Mike and I were starving, so Miro recommended the Templars Restaurant as good, casual, inexpensive place. I figured that because I just got finished filming the Da Vinci Code TV show a few weeks earlier, this would be a good choice. Downstairs the dark, good-looking restaurant transported me back to the Medieval period. It would have made for a fine, romantic meal, but I was with Mike, not some Bratislavan hottie. We opted to dine outside, so we could people-watch in the nice weather. The food was a little bland and the rice had a nasty aftertaste, but overall it was good and the price was right. Main dishes cost about $6 apiece! Templars Restaurant, Panska 18, Bratislava I; tel.: 421-0903-434-047.

There are plenty of places to eat, with all kinds of cuisine choices -- not just the typical Slovakian meal of soup and goulash. To pretend you�re a local, eat a light breakfast, have a lunch of soup and a main dish between 11 a.m. and 1 p.m., then have a heavy dinner from 5 p.m. on. Many restaurants stay open late, and the prices were generally much cheaper than Praha.

We had dinner at one of the city�s best and most stylish restaurants, Le Monde. Located in the heart of Bratislava's historical pedestrian zone, it offers a mixture of dishes from all over the world. The menu lists prices in both SKK and euros, making it so much easier on my brain (and enabling me to savor even better the tasty food). I started with the red and green pear salad (345 SKK = $12), then had chicken (495 SKK = $17). I added the chocolate fondant (275 SKK = $10) for my emerging Buddha belly. It was a gorgeous night, as we sat on the upper balcony with a beautiful view of the Slovak National Theater (Slovensk� N�rodn� Divadlo) and Hviezdoslav Square. Talk about great people watching! There was lots of action. With airfares so low (especially from England), many loud, t-shirt wearing English guys come for the weekend to enjoy the party atmosphere. The English are actually pretty fun to watch, but the locals don�t like them. Be sure to tell them you�re from America � not England! Le Monde, Ryb�rska br�na 8, 811 01 Bratislava, Slovak Republic; tel.: 421-2-5441 5411. For more click HEREPosted by Picasa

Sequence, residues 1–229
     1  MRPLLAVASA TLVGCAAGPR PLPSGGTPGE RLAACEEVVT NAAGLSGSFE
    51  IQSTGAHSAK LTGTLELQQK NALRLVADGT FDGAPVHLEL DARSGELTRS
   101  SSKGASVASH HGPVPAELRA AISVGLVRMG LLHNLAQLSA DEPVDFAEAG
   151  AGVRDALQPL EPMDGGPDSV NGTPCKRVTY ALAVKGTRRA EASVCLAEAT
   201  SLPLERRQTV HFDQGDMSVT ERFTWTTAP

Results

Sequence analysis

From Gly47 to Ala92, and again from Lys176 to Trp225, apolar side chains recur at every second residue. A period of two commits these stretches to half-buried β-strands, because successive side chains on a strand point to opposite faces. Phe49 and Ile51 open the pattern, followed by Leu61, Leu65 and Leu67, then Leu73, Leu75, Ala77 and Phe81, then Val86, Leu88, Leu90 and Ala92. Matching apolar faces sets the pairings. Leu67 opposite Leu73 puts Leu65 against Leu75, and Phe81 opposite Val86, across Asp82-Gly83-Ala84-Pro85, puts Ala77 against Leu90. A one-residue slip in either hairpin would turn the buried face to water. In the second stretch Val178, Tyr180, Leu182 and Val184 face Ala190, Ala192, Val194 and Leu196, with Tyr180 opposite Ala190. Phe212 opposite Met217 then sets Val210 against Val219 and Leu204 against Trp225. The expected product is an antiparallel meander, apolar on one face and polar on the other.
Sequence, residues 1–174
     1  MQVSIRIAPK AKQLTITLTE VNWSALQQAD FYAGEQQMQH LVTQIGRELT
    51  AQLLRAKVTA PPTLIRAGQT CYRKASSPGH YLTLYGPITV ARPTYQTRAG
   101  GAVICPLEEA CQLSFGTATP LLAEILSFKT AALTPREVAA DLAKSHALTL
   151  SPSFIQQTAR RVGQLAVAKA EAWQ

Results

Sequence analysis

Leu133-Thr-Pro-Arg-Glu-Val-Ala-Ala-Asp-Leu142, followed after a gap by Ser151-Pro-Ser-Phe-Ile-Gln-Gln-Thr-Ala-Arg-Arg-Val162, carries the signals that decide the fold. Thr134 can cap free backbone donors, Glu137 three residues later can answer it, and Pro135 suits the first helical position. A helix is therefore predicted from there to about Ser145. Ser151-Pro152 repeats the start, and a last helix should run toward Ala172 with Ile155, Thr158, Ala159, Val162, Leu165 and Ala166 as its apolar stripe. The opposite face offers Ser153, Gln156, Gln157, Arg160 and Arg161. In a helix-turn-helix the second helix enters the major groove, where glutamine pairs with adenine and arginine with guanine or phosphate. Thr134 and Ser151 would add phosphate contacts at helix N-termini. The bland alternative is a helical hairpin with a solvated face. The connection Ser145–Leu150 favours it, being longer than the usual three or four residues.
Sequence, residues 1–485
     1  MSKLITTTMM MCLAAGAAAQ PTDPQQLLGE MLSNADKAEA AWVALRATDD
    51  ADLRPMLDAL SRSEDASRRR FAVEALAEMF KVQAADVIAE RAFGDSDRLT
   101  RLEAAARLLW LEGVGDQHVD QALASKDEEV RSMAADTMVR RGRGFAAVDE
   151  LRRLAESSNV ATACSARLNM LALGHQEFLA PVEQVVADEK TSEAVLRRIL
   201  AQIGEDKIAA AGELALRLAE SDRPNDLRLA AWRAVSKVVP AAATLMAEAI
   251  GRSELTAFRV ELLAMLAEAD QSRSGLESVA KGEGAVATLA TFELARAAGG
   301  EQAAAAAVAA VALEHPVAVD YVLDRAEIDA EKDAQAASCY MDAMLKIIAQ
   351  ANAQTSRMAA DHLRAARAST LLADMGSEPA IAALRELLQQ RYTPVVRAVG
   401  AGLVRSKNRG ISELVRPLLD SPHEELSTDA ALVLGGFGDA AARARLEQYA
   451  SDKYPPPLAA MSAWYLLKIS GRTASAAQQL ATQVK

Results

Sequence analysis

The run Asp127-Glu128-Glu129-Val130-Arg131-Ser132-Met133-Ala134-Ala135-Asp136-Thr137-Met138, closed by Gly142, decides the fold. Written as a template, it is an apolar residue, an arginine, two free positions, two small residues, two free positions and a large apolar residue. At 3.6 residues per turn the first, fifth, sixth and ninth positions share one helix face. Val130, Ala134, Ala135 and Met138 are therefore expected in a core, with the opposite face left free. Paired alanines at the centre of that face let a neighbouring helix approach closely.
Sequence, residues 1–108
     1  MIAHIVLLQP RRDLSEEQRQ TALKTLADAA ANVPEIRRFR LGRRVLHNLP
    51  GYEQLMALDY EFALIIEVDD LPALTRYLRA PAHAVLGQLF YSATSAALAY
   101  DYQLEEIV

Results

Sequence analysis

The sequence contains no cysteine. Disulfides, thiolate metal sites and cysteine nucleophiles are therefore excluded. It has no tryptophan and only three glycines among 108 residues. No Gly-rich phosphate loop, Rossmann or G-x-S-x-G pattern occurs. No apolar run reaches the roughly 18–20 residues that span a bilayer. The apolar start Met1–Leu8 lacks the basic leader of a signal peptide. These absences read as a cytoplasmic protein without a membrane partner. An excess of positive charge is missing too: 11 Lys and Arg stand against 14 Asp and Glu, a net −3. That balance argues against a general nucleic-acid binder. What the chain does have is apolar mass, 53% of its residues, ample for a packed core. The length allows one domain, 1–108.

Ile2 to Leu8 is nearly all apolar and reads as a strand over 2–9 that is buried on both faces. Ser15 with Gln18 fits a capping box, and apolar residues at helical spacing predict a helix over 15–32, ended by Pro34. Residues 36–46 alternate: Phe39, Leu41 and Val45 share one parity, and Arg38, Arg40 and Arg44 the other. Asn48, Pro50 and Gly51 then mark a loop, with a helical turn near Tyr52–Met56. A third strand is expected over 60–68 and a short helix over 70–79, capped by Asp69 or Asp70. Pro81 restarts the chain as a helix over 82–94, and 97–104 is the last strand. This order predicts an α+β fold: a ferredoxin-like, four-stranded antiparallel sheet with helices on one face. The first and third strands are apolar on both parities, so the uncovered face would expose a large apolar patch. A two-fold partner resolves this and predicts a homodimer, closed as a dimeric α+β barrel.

Thursday, August 17, 2006

Mike and I stayed at the newly renovated Crowne Plaza Bratislava. It's a category first class deluxe hotel (I would rate it 4 stars), with 224 rooms. The hotel is just a few blocks from the heart of the city, opposite the Presidental Residence. The huge lobby was filled primarily with American and English tourists and business travelers. This hotel is perfect for business travelers, boasting 14 meeting rooms, a business center, a great workout center, indoor pool and high-speed internet ($6 for 1 hour, $16 a day). The rooms are bright and comfortable, with clean bathrooms. A huge American breakfast is included in the daily rate, which begins around $160 a night. Crowne Plaza Bratislava, Hodzovo Namestie 2, Bratislava 81625, Slovakia; tel.: 421-2-593-48111.

For an alternative hotel, Castle Devin and taking a River boat to Vienna check out my friend Matt's story.